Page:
The Moral Trumps the Practical

Last week, Senators Ted Cruz and Bernie Sanders debated the merits of pending tax reform. Cruz focused on the economic benefits, pointing to tax cuts during the Kennedy and Reagan administrations and the resulting economic growth. Sanders responded, “Creating massive tax cuts for the wealthy and corporations doesn’t create jobs.”

Cruz is correct when he claims that tax cuts stimulate economic growth and create jobs. But such practical arguments are largely irrelevant. Tax cuts should be defended on moral grounds–individuals and businesses have a moral right to the wealth that they have earned.

Unfortunately, Cruz and his fellow Republicans embrace the same moral code as Sanders–altruism. Altruism holds that the benefit to others is the standard by which we measure policies. Sanders believes that taxing the rich will provide the most benefits to others. Cruz believes that tax cuts will provide more benefits. So the debate is over which policy provides the most benefits, rather than what is moral and just.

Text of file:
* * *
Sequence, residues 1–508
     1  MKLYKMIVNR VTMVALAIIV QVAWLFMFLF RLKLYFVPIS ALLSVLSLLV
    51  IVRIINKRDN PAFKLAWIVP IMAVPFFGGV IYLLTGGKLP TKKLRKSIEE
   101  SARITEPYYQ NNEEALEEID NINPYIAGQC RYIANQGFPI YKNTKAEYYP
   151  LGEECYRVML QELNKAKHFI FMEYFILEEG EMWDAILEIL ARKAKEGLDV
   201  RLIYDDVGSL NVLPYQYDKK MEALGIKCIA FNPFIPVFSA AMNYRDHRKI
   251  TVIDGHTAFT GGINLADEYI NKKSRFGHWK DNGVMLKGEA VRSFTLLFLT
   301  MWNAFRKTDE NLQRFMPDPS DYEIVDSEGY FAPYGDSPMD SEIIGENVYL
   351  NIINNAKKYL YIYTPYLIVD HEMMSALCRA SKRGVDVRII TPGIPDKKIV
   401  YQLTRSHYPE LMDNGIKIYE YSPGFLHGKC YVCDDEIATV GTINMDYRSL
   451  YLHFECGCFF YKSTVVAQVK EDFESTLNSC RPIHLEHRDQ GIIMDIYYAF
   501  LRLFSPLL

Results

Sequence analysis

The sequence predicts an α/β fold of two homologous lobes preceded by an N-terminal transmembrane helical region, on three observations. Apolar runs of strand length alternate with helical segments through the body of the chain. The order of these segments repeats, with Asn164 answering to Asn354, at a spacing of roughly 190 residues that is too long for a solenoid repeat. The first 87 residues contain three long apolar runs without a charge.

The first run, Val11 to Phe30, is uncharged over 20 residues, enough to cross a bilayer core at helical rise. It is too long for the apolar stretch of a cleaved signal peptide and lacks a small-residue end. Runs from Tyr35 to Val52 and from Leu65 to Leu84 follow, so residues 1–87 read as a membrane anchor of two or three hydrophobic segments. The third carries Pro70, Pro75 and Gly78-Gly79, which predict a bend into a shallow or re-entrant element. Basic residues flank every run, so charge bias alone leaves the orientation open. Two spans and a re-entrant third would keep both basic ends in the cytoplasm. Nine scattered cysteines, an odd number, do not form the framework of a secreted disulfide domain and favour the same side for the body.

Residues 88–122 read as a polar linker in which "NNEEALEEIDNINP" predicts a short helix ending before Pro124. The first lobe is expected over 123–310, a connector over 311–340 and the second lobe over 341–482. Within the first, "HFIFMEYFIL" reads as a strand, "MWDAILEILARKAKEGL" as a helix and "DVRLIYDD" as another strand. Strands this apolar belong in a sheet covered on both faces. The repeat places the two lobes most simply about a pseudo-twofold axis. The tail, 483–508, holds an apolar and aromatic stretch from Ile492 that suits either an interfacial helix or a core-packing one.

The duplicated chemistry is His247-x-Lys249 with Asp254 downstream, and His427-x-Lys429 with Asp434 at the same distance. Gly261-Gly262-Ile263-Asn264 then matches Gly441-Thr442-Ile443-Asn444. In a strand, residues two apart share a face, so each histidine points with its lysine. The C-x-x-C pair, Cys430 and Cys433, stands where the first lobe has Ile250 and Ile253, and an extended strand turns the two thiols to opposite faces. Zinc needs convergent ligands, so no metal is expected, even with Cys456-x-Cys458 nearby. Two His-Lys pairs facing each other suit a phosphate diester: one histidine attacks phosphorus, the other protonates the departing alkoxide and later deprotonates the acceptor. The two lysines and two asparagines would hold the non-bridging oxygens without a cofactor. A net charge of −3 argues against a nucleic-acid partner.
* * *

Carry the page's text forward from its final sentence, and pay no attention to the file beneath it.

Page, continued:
If your neighbor broke into your home to steal money to pay for his children’s education, his wife’s health care, or to feed poor children, we would recognize his action as theft. The principle does not change simply because government acts as his proxy. Taking an individual’s property without his consent is theft. And theft is immoral, no matter the number of alleged beneficiaries.

If Republicans want to win the debate over tax reform, they should demand that Sanders and his ilk defend theft. They should make opponents to tax cuts explain why theft is just, why it is moral to take money from those who have earned it and give that money to those who have not. But to do so, Republicans will first have to reject altruism.

1 comment to The Moral Trumps the Practical

  • Harry Mullin

    Well said! I’d add, “and they (Republicans) would have to reject the benefits they claim are justified for the public good (ExIm Bank, price supports, government investments and underwriting…)”. Sanders and the rest cry foul: “private profit, public bailout”. As an altruism compromise, there is no answer.